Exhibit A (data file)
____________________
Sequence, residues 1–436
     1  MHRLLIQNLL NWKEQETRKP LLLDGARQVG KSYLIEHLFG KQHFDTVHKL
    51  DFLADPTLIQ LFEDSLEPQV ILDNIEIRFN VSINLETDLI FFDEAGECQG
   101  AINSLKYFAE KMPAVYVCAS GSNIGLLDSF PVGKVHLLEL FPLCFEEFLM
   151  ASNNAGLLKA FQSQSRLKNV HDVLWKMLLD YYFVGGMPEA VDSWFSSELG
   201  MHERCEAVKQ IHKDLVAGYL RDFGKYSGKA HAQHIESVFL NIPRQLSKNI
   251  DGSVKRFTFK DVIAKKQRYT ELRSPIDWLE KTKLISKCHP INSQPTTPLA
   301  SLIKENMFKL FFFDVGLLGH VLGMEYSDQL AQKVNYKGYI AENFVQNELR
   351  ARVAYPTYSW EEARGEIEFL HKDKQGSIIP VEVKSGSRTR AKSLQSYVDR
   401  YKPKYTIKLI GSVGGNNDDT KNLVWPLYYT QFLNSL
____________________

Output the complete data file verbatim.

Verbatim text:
Sequence, residues 1–436
     1  MHRLLIQNLL NWKEQETRKP LLLDGARQVG KSYLIEHLFG KQHFDTVHKL
    51  DFLADPTLIQ LFEDSLEPQV ILDNIEIRFN VSINLETDLI FFDEAGECQG
   101  AINSLKYFAE KMPAVYVCAS GSNIGLLDSF PVGKVHLLEL FPLCFEEFLM
   151  ASNNAGLLKA FQSQSRLKNV HDVLWKMLLD YYFVGGMPEA VDSWFSSELG
   201  MHERCEAVKQ IHKDLVAGYL RDFGKYSGKA HAQHIESVFL NIPRQLSKNI
   251  DGSVKRFTFK DVIAKKQRYT ELRSPIDWLE KTKLISKCHP INSQPTTPLA
   301  SLIKENMFKL FFFDVGLLGH VLGMEYSDQL AQKVNYKGYI AENFVQNELR
   351  ARVAYPTYSW EEARGEIEFL HKDKQGSIIP VEVKSGSRTR AKSLQSYVDR
   401  YKPKYTIKLI GSVGGNNDDT KNLVWPLYYT QFLNSL